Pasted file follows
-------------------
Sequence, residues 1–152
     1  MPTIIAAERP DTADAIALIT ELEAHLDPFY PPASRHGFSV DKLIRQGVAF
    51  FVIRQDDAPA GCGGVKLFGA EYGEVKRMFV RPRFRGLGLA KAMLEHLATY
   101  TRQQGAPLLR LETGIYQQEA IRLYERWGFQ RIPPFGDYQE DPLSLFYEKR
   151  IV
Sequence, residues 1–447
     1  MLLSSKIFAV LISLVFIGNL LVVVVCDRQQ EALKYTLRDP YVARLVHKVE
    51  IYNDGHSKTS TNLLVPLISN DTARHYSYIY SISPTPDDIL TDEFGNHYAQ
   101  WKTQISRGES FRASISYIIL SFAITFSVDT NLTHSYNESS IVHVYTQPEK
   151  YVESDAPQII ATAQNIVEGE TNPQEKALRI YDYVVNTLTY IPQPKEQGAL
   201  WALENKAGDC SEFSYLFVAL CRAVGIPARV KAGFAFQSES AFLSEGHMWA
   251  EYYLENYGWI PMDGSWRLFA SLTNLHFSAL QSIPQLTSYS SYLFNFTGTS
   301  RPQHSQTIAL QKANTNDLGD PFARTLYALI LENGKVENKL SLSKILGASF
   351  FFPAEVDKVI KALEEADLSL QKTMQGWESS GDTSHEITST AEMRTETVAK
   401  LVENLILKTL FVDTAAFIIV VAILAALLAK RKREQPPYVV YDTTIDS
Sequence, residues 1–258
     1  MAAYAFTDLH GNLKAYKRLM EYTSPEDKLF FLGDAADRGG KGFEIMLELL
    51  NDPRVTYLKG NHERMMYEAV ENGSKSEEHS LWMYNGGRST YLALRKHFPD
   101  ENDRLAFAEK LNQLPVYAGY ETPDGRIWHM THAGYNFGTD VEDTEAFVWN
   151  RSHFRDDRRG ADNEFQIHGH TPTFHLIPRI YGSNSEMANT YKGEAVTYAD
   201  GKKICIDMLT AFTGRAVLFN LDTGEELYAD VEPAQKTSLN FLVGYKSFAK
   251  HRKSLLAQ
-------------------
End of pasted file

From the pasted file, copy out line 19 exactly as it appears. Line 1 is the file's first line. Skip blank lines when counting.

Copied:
   101  ENDRLAFAEK LNQLPVYAGY ETPDGRIWHM THAGYNFGTD VEDTEAFVWN